Summary In “children Need to Play,” Jessica Statsky talks about her concerns regarding the issues of the destructive effects of competitive sports on children. Parents need to acknowledge this reality because it has a great influence on children at this time of age and it has become an integral part of life. As these games are designed on the basis of an adult, there physical and psychological aspects are considered before hand and a child under 14 years of age can easily be damaged on physical and psychological levels because all these sports are dangerous to children. Extreme physical activities put an unbearable strain on the developing bodies. The idea of winning sometimes forces the little ones to go to such extents that sometimes that
Remind your sporty kid that she’s always a winner in your book, even if she loses (Lindholm). Also, even the coaches play a huge role in emotionally scarring kids. According to Marika Lindholm Coaches who demoralize and bully. There are more wonderful coaches than those who do damage, but it would be naïve to expect all coaches to have your child’s psychological interests at heart. Too often, a win-at-all-costs mentality devastates young athletes.
If children are not active, then they will most likely become overweight, and if they have nothing to do in their pastime, they may turn to drugs and alcohol, which usually leads to a decrease of grades in school. A parent putting his/her child in sports gives the child something to do and keeps them fit. Parents also put their child in a sport hoping that he/she will get success out of it “Eager to nurture the next A-Rod or Michelle Kwan, parents enroll their 5- or 6-year-olds in a competitive sports league or program” (Stenson). While not all parents are pushing for future Olympians, the fight for a sports college scholarship is competitive and parents may feel that their child will have a better chance of gaining one if he/she starts competitive sports early. Parents push their children to succeed, and children--not wanting to disappoint their parents--push themselves, sometimes harder than they should.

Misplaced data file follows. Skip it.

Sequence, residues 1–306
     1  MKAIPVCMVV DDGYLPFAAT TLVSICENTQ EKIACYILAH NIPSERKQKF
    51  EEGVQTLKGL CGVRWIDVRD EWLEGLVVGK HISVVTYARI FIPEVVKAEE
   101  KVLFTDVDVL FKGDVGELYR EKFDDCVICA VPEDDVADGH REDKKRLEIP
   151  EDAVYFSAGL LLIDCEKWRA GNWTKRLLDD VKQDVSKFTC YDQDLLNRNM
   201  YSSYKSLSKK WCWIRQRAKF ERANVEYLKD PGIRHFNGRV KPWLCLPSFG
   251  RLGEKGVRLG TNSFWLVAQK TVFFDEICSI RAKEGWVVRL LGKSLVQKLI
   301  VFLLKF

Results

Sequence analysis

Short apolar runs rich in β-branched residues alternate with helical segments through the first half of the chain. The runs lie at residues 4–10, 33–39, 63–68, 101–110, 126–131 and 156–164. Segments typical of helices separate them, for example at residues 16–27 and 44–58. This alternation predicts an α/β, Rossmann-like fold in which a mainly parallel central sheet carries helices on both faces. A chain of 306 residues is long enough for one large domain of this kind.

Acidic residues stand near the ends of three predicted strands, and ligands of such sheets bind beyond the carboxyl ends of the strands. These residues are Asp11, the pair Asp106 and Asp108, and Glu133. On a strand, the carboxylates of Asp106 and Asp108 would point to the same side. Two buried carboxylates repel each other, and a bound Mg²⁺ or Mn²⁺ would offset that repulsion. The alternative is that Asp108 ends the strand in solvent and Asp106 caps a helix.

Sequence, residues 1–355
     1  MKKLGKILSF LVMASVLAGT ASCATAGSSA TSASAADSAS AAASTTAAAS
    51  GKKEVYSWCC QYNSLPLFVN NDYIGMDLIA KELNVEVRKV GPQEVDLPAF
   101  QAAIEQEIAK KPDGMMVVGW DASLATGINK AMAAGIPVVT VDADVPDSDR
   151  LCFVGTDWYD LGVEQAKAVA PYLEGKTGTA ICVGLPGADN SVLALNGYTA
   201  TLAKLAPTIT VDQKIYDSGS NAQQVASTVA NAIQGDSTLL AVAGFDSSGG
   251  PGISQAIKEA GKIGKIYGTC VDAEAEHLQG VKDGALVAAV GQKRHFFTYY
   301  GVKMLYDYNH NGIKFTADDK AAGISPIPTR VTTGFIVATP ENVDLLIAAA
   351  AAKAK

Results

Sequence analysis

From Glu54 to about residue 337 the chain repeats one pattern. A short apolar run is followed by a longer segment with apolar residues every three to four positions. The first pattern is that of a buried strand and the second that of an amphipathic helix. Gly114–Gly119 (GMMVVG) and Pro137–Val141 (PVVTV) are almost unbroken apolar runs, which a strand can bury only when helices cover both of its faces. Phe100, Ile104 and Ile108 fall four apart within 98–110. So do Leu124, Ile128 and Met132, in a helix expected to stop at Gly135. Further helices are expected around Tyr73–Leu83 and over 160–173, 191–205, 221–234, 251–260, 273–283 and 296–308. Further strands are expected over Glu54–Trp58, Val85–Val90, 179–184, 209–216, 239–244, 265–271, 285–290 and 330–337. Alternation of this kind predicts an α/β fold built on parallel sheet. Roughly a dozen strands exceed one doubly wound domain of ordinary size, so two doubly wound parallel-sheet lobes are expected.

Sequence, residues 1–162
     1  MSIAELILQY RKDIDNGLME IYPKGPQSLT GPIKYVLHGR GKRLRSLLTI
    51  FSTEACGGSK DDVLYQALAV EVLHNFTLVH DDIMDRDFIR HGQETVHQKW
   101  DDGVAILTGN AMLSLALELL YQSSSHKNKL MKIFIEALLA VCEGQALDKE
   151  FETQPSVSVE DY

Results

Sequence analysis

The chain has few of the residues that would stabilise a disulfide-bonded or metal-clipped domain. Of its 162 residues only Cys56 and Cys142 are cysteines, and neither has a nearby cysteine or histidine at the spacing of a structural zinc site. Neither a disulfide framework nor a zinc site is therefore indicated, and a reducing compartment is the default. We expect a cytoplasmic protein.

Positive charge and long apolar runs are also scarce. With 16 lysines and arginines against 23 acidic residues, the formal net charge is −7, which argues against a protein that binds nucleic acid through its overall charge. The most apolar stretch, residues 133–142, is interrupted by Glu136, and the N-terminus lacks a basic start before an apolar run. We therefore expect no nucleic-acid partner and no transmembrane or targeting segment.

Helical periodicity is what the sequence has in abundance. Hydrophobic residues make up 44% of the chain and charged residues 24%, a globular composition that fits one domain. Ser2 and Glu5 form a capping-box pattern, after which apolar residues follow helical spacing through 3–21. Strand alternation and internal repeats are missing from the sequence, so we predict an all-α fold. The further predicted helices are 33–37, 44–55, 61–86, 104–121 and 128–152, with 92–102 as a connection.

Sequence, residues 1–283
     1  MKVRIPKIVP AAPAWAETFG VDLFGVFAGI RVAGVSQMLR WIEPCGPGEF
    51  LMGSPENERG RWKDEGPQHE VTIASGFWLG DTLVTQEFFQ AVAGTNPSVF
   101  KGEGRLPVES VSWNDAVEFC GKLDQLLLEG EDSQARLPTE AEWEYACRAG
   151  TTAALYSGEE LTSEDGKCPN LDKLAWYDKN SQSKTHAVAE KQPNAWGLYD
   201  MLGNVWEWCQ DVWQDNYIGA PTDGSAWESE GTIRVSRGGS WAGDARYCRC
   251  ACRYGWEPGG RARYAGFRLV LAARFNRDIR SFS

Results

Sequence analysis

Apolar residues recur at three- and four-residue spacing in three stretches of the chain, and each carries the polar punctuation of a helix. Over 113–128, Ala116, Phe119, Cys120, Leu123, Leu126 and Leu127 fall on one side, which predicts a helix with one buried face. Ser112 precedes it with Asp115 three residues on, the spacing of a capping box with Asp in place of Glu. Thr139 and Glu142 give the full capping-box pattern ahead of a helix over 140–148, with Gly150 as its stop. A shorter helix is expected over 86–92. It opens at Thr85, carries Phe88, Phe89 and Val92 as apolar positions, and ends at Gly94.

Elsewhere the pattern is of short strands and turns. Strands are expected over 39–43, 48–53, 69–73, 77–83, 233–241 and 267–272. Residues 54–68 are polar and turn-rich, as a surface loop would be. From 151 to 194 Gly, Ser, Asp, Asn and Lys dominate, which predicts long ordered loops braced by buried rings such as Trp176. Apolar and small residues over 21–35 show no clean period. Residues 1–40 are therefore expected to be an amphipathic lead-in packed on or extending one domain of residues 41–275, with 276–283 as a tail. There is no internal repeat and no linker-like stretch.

They ruined Lance Armstrong, Marion Jones, and Barry Bonds’ careers and almost ruined Alex Rodriguez’s career. Professional athletes use steroids to improve their performance which is cheating. The game is not fair if someone is performing better by using drugs, and everybody should be performing with what they got. There are many different ways to achieve what they want in fair and healthier way. Many high school athletes are using steroids in the United States.
This problem exists because many of the youth's parents influence their children in various ways. "The level of competition in youth sports has gotten exponentially greater forcing this level of hyper competition", Martha Ir... ... middle of paper ... ...ates had formed their own competitive athletic leagues modeled after New York City's PSAL, Settlement suit. The number of boys' clubs grew rapidly through the 1970s, working in parallel with school leagues. "At the same time, many physical-education professionals stopped supporting athletic competition for young children because of worries that leagues supported competition only for the best athletes, leaving the others behind". The physical educations are not going to stop unless the non competitive sports end.